De Beers Group, the world's oldest and largest diamond producer, has agreed to give Botswana, its main supplier of rough diamonds, a larger share of the gems from their joint venture Debswana over the next decade, in a deal that reflects the changing dynamics of the global diamond industry. The deal, which was announced on Saturday after months of negotiations, also includes a 25-year mining license for Debswana and a 10-year sales agreement for De Beers to market Debswana's production.
The deal is seen as a win for Botswana, which is the world's top diamond producer by value and relies on diamond revenues for its economic development. Botswana will increase its share of rough diamonds from Debswana's 25%, currently to 30% in the near term and 50% by 2033, matching De Beers' share. This will allow Botswana to sell more diamonds through its state-owned Okavango Diamond Company (ODC), which was established in 2012 to compete with De Beers and other global players.
The deal also secures multi-billion-dollar investments from De Beers to extend the life of Debswana's Jwaneng mine, one of the richest diamond mines in the world, and to explore new mining opportunities in Botswana. De Beers will also contribute $75 million to a diamond fund that will invest in projects that add value to Botswana's economy.
However, the deal also exposes the challenges that De Beers faces as it tries to maintain its dominant position in the diamonds and shift consumer preferences. De Beers, which is owned by Anglo American. has seen its market decline from over 80% in the 1980s to around 35% today, as new producers such as Russia's Alrosa and Canada's Lucra have emerged.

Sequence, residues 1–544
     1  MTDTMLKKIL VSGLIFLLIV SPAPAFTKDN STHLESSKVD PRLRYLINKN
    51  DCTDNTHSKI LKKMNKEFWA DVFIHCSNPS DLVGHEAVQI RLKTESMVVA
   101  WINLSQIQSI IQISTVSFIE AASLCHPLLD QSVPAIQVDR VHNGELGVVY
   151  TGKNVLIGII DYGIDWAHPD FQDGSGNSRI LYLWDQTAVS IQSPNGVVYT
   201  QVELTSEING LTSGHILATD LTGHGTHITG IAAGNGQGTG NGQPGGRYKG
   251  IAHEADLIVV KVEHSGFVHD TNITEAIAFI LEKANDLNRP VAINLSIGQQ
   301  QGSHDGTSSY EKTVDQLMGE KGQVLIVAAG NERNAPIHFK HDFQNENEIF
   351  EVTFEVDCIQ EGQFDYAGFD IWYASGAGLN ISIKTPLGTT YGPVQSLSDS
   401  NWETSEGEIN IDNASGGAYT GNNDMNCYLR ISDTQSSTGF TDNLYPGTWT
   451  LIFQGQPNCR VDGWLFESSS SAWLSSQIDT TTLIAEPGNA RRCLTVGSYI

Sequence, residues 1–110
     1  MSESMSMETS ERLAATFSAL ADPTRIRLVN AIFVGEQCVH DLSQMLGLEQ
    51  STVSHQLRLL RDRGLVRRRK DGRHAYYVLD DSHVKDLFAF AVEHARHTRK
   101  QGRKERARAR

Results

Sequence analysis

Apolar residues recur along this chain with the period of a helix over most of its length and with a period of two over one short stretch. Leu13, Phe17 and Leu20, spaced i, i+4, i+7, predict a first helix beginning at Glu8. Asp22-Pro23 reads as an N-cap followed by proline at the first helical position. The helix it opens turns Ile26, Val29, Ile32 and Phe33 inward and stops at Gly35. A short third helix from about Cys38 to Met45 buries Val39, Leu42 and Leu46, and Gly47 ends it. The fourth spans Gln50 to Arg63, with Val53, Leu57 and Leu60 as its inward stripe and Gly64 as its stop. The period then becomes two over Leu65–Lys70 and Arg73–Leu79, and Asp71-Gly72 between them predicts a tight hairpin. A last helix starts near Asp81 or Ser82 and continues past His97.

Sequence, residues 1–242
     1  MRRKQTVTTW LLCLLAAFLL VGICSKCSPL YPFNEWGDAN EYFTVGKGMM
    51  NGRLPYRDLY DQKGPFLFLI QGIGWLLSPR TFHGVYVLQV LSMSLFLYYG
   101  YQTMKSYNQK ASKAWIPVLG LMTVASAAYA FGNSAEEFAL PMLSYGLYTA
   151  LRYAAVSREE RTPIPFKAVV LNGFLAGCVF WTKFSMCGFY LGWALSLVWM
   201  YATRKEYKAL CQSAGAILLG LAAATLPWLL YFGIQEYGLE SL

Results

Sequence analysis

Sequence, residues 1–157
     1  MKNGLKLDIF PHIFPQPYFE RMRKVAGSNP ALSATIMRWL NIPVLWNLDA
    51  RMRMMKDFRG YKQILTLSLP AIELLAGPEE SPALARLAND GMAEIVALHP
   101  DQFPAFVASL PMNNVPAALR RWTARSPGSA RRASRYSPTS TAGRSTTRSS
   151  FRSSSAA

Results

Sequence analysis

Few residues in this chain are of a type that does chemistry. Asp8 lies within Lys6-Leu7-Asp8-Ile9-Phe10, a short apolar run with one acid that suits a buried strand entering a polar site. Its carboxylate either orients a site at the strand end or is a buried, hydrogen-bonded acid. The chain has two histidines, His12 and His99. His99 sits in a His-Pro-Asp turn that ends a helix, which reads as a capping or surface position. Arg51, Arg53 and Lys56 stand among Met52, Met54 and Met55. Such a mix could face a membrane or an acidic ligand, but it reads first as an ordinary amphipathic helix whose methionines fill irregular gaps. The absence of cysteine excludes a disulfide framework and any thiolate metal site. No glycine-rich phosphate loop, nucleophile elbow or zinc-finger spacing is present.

De Beers has also faced pressure from Botswana and other producing countries such as Namibia and South Africa, to increase their benefits from diamond mining and sales, as well as from Western customers who demand more transparency and ethical sourcing of social initiatives, such as its Tracr blockchain platform brand and its Building Forever strategy.
De Beers CEO Al Cook, who took over in February, said the deal with Botswana was a balanced outcome that met the needs of both parties. "There was...a desire to cooperate and reach a deal. The opposite would have been very damaging for everyone concerned, for our industry", he told Reuters on Monday.
However, some analysts said the deal could erode De Beers' profitability and attractiveness as an investment. Richard Chetwode, a diamond industry analyst, said: "With the mines going deeper and capital operating costs significantly increasing, the investment required by De Beers for only 19.2% of the profits makes this partnership no longer the dripping roast it once was". RMB Morgan Stanley estimated that the dial could result in a $100 million hit on De Beers' core earnings in the near term and upto $200 million over a decade.